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Epilepsy Behav. 2008 Jul;13(1):144-8. doi: 10.1016/j.yebeh.2008.03.012. Epub 2008 May 5.

Depression, anxiety, and quality of life in siblings of children with intractable epilepsy.

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University of Alberta, Edmonton, AB, Canada.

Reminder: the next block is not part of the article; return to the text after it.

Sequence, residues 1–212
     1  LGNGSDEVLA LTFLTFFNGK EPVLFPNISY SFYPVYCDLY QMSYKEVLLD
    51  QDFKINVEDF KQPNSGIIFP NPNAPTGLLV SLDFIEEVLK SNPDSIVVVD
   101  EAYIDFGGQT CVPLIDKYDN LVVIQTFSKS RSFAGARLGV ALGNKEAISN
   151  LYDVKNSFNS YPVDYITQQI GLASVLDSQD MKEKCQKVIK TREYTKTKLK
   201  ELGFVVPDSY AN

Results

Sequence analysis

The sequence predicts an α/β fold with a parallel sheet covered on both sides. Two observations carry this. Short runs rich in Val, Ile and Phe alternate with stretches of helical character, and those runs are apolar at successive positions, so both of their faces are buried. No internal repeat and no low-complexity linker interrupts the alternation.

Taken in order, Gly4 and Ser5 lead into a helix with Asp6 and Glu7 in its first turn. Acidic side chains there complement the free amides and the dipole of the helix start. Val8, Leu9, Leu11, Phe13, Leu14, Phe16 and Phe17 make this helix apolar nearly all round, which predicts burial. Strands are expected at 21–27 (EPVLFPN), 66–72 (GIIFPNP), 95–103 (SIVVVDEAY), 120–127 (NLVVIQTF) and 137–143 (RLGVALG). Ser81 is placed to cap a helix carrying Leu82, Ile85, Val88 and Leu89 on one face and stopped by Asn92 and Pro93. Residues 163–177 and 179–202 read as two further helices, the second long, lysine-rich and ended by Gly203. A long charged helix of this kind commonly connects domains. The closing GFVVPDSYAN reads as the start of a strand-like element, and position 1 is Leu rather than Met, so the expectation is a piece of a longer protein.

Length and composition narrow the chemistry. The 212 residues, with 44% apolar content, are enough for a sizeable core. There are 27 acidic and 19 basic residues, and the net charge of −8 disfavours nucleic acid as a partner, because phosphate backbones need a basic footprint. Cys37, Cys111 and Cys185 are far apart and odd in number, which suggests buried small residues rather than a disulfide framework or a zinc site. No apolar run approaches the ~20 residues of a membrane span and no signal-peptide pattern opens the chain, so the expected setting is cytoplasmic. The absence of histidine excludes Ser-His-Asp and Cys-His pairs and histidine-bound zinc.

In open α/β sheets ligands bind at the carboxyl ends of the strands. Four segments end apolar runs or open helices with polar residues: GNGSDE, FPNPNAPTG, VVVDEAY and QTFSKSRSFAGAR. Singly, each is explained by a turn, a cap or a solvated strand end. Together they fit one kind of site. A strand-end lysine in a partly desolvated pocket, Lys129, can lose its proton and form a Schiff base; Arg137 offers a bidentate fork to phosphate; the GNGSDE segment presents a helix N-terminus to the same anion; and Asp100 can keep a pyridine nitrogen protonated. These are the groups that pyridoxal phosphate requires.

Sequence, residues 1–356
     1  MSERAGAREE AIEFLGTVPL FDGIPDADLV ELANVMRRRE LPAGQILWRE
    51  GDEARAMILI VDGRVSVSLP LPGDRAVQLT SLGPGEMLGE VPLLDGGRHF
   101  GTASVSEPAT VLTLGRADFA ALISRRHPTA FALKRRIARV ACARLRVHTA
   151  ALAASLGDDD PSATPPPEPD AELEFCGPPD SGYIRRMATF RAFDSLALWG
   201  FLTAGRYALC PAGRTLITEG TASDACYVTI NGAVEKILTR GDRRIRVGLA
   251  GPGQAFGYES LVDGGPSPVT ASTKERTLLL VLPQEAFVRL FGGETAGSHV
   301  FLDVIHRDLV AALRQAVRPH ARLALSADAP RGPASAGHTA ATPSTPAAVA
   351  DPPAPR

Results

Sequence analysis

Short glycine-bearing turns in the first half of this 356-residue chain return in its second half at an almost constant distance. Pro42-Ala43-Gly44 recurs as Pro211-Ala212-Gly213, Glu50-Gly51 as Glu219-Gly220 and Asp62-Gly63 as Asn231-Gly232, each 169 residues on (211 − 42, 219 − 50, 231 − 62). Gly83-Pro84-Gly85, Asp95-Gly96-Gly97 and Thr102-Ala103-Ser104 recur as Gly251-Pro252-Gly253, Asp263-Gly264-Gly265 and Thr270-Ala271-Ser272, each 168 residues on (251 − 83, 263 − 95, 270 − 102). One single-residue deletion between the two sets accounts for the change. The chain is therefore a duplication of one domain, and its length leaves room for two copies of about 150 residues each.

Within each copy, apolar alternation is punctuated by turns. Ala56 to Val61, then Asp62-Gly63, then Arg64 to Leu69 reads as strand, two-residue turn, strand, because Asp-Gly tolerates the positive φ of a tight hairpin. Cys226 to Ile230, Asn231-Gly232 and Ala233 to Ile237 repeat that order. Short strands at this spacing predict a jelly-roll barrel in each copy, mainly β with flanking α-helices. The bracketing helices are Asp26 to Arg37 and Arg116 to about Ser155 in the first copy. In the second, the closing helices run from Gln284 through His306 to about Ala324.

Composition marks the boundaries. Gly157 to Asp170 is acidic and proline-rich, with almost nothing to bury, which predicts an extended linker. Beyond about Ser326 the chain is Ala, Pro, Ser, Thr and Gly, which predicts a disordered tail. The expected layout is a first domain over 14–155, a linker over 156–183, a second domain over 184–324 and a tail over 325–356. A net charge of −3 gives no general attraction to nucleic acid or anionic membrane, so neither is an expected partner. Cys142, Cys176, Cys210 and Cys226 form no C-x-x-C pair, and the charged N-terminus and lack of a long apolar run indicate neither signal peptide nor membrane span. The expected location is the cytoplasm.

Thirty-seven siblings (aged 6-18) of children with intractable epilepsy were surveyed regarding their anxiety, depression, and quality of life, by both self-report (Revised Children's Manifest Anxiety Scale, RCMAS; Children's Depression Inventory, CDI; and Peds QL) and parental report (Child Behavior Checklist, CBCL). Completed forms were returned by 37 of 58 (64%) eligible families. No sibling had a score in the clinical range on the CDI, and only 2 of 37 (6%) scored in the clinical range on the RCMAS, a proportion similar to the normative population. In contrast, 25% were rated by their parents to have elevated Internalizing Behaviors scores on the CBCL. There was a trend for PedsQL scores to be lower than the normative mean. Comorbid behavior and attention problems in the child with epilepsy and sibling CDI and RCMAS scores correlated significantly with self-reported quality of life. However, other epilepsy, child, and family variables (income, parental education, family function, maternal depression) did not correlate. We conclude that siblings of children with intractable epilepsy are functioning well overall and have a good quality of life.

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